Lesson No.1 as her father amusedly tells her – Make sure you chain him right! So while Chandani and Kandula get to know each other – providing some of the most endearing scenes in the movie, the film also showcases other aspects of her life – helping out at home, getting ready for school – and visiting the Udawalawe National Park with the ranger Mohamed, a qualified wildlife academic as well as a man of the soil, someone who truly empahises with Chandani and shares her love of elephants.

He takes her to areas where elephants and men are in heavy conflict – part of her education which educates the viewer too – subtly and effectively without being preachy. While the viewer falls in love with the elephant on one hand, watching their tame interactions with humans, he/she will also see the devastation that elephants can cause – and the fear that humans living on the borders of forests / newly cleared forests live with. Yet even in scenes showcasing devastation and an elephant carcass that had been shot down for killing a child, one doesn’t lose empathy with the elephant. It is clearly getting more and more hemmed in with nowhere to go.
But humans are not the ‘villains’ either – at least as shown on this film. The ordinary villager is shown as a humble but compassionate man. They might not be highly educated but they have an intrinsic ability to emapthise and bond with their huge four legged peers.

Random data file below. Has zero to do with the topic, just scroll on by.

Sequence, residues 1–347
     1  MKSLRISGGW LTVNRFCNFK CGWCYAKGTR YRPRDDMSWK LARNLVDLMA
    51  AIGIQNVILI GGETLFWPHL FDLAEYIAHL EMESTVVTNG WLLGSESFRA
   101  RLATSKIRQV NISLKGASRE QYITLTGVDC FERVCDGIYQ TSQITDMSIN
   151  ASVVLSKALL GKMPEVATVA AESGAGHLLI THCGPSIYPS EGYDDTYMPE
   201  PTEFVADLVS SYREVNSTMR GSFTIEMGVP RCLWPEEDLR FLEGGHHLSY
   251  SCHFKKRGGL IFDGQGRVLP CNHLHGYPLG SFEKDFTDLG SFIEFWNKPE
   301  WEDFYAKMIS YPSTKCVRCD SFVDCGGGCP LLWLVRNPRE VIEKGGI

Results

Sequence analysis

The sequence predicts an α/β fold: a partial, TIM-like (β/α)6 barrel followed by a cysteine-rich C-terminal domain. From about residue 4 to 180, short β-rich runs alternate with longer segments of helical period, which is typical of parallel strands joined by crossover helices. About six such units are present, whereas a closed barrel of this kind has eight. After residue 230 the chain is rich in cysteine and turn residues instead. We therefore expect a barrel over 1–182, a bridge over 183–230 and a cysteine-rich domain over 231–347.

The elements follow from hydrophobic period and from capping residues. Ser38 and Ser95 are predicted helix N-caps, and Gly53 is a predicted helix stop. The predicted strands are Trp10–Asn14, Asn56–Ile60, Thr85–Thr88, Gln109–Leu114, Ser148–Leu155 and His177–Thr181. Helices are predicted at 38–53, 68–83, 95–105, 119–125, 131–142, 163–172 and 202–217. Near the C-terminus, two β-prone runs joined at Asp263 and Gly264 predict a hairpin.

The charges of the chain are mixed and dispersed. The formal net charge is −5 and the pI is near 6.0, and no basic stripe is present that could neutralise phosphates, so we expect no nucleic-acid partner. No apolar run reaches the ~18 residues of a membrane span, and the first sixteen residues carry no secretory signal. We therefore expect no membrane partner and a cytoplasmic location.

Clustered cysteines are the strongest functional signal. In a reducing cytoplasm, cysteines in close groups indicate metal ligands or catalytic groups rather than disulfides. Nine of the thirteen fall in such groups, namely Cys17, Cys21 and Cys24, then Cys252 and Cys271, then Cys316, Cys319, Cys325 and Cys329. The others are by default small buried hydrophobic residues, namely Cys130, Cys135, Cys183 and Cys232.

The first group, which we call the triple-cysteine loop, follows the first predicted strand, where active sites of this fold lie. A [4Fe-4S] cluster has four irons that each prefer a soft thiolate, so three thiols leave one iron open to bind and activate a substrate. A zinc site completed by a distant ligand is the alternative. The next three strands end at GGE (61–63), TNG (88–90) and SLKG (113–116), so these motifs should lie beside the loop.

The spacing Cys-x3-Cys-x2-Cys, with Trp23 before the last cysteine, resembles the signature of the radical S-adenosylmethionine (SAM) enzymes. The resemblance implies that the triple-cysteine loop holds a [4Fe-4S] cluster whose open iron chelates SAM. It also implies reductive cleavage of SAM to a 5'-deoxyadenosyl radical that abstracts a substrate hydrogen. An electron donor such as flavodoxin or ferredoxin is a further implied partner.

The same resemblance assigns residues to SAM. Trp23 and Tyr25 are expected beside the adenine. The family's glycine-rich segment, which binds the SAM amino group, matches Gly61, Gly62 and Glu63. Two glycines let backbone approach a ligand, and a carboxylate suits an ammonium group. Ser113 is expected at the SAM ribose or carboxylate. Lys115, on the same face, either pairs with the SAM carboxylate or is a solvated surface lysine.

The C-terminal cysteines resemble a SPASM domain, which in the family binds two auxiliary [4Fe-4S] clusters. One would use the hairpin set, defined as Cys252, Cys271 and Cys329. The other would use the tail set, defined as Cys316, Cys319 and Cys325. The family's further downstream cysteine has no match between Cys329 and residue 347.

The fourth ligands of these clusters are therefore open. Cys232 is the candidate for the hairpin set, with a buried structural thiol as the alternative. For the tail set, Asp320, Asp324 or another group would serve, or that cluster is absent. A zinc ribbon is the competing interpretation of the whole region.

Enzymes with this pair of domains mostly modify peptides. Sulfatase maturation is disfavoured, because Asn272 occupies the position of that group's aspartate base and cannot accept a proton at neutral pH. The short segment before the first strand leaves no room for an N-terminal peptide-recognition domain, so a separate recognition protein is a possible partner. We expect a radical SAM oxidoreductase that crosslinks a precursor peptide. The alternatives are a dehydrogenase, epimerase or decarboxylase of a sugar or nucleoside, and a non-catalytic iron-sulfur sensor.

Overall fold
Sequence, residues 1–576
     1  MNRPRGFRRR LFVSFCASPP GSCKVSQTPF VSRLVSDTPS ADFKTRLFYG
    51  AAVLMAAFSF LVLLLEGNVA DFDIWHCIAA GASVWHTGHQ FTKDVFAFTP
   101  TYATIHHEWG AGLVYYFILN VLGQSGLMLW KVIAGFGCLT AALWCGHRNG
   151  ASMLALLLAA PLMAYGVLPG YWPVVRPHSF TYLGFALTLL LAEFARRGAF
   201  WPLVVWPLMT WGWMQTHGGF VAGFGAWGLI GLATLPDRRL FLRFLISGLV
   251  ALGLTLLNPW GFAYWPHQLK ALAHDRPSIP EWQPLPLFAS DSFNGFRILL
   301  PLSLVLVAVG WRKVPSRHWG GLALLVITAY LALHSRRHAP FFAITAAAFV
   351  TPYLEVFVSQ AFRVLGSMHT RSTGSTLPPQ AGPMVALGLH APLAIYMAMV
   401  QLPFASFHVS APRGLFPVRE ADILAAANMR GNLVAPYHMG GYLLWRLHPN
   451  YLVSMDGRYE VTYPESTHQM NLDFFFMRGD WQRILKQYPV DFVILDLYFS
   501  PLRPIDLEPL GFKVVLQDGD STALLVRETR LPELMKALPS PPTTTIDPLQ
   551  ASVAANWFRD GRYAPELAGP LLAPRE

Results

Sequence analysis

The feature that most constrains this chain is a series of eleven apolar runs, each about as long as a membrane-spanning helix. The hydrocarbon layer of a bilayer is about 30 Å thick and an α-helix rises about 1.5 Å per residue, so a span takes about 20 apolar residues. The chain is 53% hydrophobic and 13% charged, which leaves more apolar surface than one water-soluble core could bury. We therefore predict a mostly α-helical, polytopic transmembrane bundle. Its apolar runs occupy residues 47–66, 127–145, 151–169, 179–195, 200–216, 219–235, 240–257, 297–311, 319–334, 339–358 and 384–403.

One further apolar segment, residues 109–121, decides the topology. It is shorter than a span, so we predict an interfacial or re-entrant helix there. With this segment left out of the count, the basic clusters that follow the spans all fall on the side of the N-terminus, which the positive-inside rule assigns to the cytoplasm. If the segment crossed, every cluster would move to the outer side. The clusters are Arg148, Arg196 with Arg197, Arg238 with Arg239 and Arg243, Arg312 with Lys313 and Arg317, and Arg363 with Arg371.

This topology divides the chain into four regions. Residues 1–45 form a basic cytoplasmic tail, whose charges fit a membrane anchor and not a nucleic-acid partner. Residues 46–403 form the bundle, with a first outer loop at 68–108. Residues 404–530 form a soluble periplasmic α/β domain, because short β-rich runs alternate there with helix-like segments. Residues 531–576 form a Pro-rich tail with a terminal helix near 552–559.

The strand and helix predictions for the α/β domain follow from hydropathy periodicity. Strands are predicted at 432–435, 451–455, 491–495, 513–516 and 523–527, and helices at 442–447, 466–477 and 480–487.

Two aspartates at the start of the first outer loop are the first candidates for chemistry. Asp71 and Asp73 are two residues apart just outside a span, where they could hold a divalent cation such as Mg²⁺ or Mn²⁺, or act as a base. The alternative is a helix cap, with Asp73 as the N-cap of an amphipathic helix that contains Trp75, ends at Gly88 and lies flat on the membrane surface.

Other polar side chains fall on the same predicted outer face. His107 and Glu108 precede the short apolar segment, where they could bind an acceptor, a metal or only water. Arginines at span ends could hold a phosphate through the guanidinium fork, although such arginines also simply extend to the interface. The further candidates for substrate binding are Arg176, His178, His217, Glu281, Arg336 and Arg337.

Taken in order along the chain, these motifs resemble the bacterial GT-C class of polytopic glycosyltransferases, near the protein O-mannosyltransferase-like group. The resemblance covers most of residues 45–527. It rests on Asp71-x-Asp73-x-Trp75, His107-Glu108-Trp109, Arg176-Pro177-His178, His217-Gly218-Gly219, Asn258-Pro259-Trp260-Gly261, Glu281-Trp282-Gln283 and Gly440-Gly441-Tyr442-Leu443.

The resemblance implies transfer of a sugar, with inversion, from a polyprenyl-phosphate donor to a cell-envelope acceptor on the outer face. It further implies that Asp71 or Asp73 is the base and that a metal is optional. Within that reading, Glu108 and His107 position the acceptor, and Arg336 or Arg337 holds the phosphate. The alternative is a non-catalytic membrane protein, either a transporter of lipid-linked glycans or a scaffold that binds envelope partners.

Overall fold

The movie showcases effectively the compassion of the average Sri Lankan to animals. Mohamed is a good ambassador to the rest of the world on this. He genuinely seems to care about the elephants and their wellbeing –it’s obviously not just a job for him.

Paradoxically, he is also the cause of the slightly unhappy ending in the movie. Since this is styled along the lines of a documentary, I’ll reveal the ending – he takes her pet elephant away from Chandani when he comes to know of it. The European director wanted a tear jerker / conflict to make the movie more interesting. He thought he had it over Chandani’s heartbreak at being rejected as a mahout by the government official who supervised her father. But she weathered that reasonably well, Mohamed having come to the rescue, telling her she could always have a job at the Udawalawe National Park if she wished, where she could make valuable contributions to elephant welfare and care with her knowledge.
But then, Mohamed comes to know of her pet and invokes the law which says wild animals cannot be had as pets – it’s not to their ultimate benefit. And so Chandani and her playful charge have to part ways. If you are at all sensitive, you are likely to tear up at this scene; Chandani’s bonding with her pet had been genuine and touching to watch. Now the two were parting ways, Chandani is grief-stricken, being very much aware of the circumstances while Kandula just cheerfully munches on the sugar cane he has been given. He doesn’t realize that he is being taken away permanently.

And so the film has a tear-jerker at the end as well – nearly all the ingredients necessary to make an ‘interesting’ film – exoticism, newness, women’s liberation, history / anthropology / animal rights / human-animal interactions with an interesting beast, and plot, drama and climax as well.

Some of it seems a bit contrived but that’s Ok, all in all, it is still a movie worth watching!